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NATURAL HISTORY

CAPE SABLE SEASIDE SPARROW }  Ammodramus maritimus mirabilis
FAMILY: Fringillidae

DESCRIPTION: The Cape Sable seaside sparrow is a small bird measuring about five inches in length. It has a dark, olive gray back; an olive brown tail and wings; light gray streaks on its breast and sides; yellow lores; and gray ear patches behind its eyes. There is a small patch of yellow on the edge of each of its wings. Male and female plumage looks similar.

HABITAT: The Cape Sable seaside sparrow inhabits interior southern Florida’s brushless, subtropical marshes, which are dry most of the year but are seasonally flooded with fresh to slightly brackish water. The sparrow avoids brushy or rocky marshlands, as well as dense stands of cordgrass, cattail, and shrubs.

RANGE: The Cape Sable seaside sparrow’s original range probably included all suitable habitat in south and southwestern Florida, extending from Cape Sable in the south to Ochopee in the northwest to Taylor Slough and the east Everglades in the east. Currently, the known distribution of the bird is restricted to two areas of marl prairies east an west of Shark River Slough, and flanking Taylor Slough.

MIGRATION: This bird is nonmigratory.

BREEDING: Nesting can occur from February through late August, though most occurs during April and May, with the time and length of the nesting period dependent on flooding — nesting activities decrease abruptly when marshes flood. The birds construct cupped nests in clumps of grass about six inches above the ground. Usually three or four eggs are laid. The female incubates the eggs for 12 days and young fledge at when they are between nine and 11 days old. These sparrows usually attempt to nest two or three times each season, with a success rate of 40 to 75 percent.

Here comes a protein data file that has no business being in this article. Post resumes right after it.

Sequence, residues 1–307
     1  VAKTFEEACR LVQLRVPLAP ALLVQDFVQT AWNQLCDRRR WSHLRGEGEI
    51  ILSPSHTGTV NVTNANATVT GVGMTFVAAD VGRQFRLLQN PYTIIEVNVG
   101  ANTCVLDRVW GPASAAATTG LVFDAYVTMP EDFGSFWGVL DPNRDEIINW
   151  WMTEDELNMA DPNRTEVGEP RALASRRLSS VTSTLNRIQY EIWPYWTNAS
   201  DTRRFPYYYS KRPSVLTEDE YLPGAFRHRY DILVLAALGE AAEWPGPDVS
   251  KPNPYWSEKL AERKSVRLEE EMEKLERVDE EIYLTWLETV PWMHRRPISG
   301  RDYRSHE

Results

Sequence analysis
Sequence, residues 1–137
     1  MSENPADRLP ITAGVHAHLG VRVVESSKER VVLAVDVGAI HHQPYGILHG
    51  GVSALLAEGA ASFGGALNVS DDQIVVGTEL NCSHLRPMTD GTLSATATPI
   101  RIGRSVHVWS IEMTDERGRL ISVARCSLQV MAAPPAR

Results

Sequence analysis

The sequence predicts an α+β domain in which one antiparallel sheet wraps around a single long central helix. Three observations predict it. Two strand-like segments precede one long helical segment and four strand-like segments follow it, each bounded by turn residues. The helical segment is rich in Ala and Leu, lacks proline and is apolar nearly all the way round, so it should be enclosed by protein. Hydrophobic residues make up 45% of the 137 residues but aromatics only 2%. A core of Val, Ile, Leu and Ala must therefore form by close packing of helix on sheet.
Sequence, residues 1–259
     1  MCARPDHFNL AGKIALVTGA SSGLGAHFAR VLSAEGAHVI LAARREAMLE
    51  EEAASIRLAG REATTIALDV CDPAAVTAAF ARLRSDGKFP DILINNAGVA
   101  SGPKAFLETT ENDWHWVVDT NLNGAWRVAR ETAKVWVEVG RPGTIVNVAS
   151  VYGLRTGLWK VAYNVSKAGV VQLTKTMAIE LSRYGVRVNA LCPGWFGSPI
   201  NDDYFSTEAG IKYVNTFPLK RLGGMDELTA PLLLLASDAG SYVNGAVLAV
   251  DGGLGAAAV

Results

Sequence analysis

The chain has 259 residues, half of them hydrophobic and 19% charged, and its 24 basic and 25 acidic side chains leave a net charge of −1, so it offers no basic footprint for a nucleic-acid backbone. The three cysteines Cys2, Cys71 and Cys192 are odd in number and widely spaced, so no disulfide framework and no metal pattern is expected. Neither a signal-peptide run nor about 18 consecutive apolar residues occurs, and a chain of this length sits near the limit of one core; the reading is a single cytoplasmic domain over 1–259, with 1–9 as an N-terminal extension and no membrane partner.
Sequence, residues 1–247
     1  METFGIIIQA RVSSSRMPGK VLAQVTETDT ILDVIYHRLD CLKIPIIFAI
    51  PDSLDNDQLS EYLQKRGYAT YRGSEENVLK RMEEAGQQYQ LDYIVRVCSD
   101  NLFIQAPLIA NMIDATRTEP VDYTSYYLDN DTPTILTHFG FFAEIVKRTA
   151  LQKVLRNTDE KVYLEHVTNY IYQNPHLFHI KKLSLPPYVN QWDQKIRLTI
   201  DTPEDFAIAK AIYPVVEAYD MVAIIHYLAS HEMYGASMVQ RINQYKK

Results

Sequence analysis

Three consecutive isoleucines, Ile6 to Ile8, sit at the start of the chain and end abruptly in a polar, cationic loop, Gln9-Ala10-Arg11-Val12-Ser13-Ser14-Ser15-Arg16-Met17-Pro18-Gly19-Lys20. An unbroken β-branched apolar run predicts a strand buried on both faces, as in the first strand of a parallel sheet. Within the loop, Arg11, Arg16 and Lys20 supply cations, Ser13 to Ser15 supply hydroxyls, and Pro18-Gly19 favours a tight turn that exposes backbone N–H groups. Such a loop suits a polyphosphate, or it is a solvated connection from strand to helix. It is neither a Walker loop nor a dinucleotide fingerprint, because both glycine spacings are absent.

LIFE CYCLE: Sparrows are generally short-lived, with an average lifespan of two to three years.

FEEDING: Cape Sable seaside sparrows are dietary generalists, taking advantage of any food available as they forage low in the grass and on the ground. They feed on grasshoppers, caterpillars, beetles, spiders, and grass and sedge seeds.

THREATS: The principal reasons for the decline of the Cape Sable seaside sparrow and the greatest threats to its continued survival are hydrologic alteration, vegetation changes, fire, development, and pollution. Catastrophic storms, such as the hurricanes in 1935 and 1992, can lead to natural vegetation changes that make the environment unsuitable for Cape Sable seaside sparrows, thus causing local extirpations.

POPULATION TREND: There were an estimated 6,656 Cape Sable seaside sparrows in 1981. The population estimate in 1992 was 6,450 birds, but in 1993, they numbered 3,347 and in 1994 they totaled just 2,800 birds — a decrease likely due to the devastating effects of Hurricane Andrew in August 1992. These sparrows have declined by as much as 60 percent rangewide since 1992. The western subpopulation has declined by about 90 percent.

Cape Sable seaside sparrow photo courtesy Flickr/woodcreeper